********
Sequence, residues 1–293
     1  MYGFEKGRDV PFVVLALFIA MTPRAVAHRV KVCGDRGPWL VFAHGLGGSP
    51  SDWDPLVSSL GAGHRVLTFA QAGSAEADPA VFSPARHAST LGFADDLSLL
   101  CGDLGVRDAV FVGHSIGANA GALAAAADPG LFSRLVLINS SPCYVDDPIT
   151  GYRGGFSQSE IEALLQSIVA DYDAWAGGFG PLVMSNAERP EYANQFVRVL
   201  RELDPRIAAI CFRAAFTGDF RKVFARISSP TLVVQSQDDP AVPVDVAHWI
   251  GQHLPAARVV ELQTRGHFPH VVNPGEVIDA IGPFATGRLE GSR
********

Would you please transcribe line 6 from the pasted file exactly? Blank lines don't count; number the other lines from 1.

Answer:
   201  RELDPRIAAI CFRAAFTGDF RKVFARISSP TLVVQSQDDP AVPVDVAHWI